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4.1 out of 5 stars
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4.1 out of 5 stars
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VINE VOICEon 16 August 2017
This very short (130 pages) novel tells of the relationship between the title character, a teacher in a Scottish junior school in the 1930s, and the particular group of six girls she takes under her wing. It's probably most famous for Maggie Smith's Oscar winning performance in the 1969 film version. She was well cast for the role of this stubborn and headstrong teacher who wants to open up the minds of the girls in her "Brodie set" by telling them of her own experiences in life and love, which she thinks will be a more valuable education that the traditional knowledge-based curriculum favoured by her headteacher Miss MacKay who believes that "culture cannot compensate for lack of hard knowledge". Miss Brodie's view of curriculum priorities is: "Art and religion first; then philosophy; lastly science. That is the order of the great subjects of life, that’s their order of importance”. She favours a child-centred approach: "The word ‘education’ comes from the root e from ex, out, and duco, I lead. It means a leading out. To me education is a leading out of what is already there in the pupil’s soul. To Miss Mackay it is a putting in of something that is not there, and that is not what I call education, I call it intrusion, from the Latin root prefix in meaning in and the stem trudo, I thrust". Yet with these attitudes comes political naivety: she is a firm admirer of both Mussolini and Hitler and how they have transformed their countries. She is suspicious of collective attitudes: "Phrases like ‘the team spirit’ are always employed to cut across individualism, love and personal loyalties”; decries progressive schools as "crank" schools, and berates the future teachers her young charges will have in senior school as "all gross materialists....they all belong to the Fabian Society and are pacifists". Overall Miss Brodie is an opaque and contradictory character and I found it hard to understand what made her tick; her pupils are also mostly unsympathetic characters and there were no really likeable characters in the story. For me this is rather overrated.
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on 10 September 2017
Only just started this in Kindle but have read it in paperback and watched the film more than once. Always hear Maggie Smith's smooth tones behind the lines on the printed page.
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on 13 June 2017
Loving the narration by Miriam Margolyes! And of course, it's a truly enduring classic novel. A treat.
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on 18 August 2017
I enjoyed re- reading this but did not seem so outspoken and modern as it did when it was first published
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on 14 August 2017
Good !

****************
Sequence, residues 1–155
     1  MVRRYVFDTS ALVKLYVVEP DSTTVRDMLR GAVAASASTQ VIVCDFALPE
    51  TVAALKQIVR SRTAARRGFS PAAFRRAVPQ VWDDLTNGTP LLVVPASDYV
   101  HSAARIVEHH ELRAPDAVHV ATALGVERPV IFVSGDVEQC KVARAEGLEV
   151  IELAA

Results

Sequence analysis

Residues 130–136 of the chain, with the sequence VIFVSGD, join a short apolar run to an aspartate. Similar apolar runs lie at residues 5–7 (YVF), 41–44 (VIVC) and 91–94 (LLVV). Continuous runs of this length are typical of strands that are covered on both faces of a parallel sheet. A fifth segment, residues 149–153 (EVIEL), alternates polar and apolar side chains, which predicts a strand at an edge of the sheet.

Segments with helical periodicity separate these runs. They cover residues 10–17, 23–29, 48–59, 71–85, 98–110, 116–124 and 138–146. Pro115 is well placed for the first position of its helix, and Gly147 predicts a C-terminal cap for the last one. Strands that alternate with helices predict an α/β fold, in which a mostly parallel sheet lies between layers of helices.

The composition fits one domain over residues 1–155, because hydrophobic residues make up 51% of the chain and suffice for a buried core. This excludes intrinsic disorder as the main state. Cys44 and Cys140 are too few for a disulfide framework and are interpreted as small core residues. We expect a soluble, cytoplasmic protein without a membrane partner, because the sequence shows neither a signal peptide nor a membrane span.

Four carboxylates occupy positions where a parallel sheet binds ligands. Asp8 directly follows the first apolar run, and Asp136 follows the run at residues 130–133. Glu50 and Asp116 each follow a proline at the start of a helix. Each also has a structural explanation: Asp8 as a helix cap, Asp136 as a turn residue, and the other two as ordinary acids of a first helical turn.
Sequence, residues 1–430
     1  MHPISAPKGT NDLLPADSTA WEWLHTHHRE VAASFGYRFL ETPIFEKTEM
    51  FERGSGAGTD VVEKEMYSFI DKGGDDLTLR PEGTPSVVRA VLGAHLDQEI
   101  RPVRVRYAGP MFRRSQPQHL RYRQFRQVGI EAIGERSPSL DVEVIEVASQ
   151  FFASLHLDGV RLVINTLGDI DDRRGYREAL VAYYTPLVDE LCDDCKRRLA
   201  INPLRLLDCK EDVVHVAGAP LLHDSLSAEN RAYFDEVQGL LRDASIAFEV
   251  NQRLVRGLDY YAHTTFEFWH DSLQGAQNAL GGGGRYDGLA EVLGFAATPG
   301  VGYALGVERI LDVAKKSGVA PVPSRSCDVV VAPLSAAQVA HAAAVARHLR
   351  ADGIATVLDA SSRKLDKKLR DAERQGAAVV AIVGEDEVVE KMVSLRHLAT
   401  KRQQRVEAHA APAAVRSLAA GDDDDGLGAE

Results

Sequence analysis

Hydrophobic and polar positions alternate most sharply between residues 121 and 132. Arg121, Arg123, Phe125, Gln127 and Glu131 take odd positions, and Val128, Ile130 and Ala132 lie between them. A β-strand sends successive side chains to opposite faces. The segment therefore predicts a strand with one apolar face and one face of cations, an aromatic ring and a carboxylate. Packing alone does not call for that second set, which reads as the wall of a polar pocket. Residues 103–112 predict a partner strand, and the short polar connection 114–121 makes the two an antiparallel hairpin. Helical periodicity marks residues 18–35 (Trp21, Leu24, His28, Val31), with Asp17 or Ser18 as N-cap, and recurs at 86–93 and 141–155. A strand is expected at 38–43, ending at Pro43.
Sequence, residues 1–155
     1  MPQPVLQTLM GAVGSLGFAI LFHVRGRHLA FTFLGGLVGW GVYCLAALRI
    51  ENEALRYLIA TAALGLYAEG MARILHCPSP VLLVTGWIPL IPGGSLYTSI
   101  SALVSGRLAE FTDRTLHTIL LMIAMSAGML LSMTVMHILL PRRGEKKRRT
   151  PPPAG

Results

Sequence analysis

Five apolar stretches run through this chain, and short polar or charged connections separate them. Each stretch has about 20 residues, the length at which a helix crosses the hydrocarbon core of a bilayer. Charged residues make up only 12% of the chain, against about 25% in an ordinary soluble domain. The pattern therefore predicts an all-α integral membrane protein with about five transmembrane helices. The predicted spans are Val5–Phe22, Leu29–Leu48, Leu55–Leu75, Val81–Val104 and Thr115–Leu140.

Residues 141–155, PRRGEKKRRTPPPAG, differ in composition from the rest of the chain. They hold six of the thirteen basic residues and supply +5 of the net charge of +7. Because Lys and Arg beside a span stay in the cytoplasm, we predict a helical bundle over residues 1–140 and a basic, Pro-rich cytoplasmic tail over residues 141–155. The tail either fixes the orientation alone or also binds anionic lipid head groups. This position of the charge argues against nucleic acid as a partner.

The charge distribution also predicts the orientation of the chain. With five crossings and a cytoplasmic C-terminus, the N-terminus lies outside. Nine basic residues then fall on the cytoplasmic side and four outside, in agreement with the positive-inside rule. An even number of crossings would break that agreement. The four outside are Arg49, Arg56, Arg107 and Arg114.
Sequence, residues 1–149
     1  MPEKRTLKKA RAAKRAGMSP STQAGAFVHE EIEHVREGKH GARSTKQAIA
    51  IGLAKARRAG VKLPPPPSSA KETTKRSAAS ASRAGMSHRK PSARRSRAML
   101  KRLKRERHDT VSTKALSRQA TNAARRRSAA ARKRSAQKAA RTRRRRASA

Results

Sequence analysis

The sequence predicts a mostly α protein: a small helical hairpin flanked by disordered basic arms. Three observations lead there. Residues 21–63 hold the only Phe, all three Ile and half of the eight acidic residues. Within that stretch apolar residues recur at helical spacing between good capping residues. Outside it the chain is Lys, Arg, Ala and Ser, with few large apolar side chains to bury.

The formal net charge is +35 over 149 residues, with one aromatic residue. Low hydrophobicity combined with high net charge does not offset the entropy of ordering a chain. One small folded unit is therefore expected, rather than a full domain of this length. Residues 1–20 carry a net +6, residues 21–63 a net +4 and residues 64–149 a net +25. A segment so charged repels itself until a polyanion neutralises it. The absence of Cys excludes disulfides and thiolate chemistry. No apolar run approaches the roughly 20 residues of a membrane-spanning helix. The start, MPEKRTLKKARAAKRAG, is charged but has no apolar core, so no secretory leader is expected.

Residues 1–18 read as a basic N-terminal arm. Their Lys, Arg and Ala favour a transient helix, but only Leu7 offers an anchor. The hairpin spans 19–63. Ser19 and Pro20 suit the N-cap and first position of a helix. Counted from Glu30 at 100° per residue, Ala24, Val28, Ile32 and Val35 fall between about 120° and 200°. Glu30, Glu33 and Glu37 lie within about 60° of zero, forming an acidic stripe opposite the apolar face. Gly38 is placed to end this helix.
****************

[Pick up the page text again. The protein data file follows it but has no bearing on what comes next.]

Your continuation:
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on 1 September 2017
Rather old fashion these days but I enjoyed rereading after a 40 year gap
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on 23 August 2017
Loved it, after seeing film long ago
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on 22 August 2017
Very ntertaining
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on 27 October 2016
This book has been on my radar for years, but for some reason I’ve never got round to it or seen the iconic film version. I have read Spark’s ‘The Driver’s Seat’ which was brilliant and strange and shocking, so I wasn’t really sure what to expect from this.
It’s also brilliant and strange and shocking. Spark is a writer who refuses to be bound by convention. She writes in the way she wants to write and this book is wonderful because of that. Miss Jean Brodie is one of the most fascinating characters I’ve ever read about, and the way she speaks and behaves are skilfully portrayed. The narrative moves back and forth, showing the teacher and her girls at various stages from when they are ten right through to when they are adults.
The way Brodie manipulates and influences the girls is shocking at times, as is the behaviour of the girls themselves (and some of the other teachers). And the casual cruelties, particularly directed at poor, unfortunate Mary, reveal so much about human relationships. The interactions between the characters also reveal a lot about the conventions and social issues of the time, in the years leading up to the Second World War.
The book is short but it packs so much in. The economy of the writing shows real skill. Spark manages to say a great deal in a few words – a lesson that many writers could do with learning. Her use of language is the epitome of every word having meaning. There are no whimsical meanderings here.
Intelligent, dark, subtle and skillful – genuinely a classic.
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on 8 February 2015
A few years ago I watch the film adaptation of this book staring Maggie Smith and loved it, so it was high time I read the book! I really enjoyed the book, and it certainly has a very strong style. What I particularly enjoyed was the last 2 chapters, where we start to see the true Miss Jean Brodie through reflecting her behaviour and lessons to the students over the last 8 years. The psychological analysis of her type of person was really interesting to me.

I also really enjoyed how the novel, despite flying forwards and backwards constantly to add commentary, still had a great fluidity to it.

A good little read, didn't take long to complete. Only complaint would be the length of the chapters, though was is subjective just because I like shortish chapters which makes it easy to put the book down.
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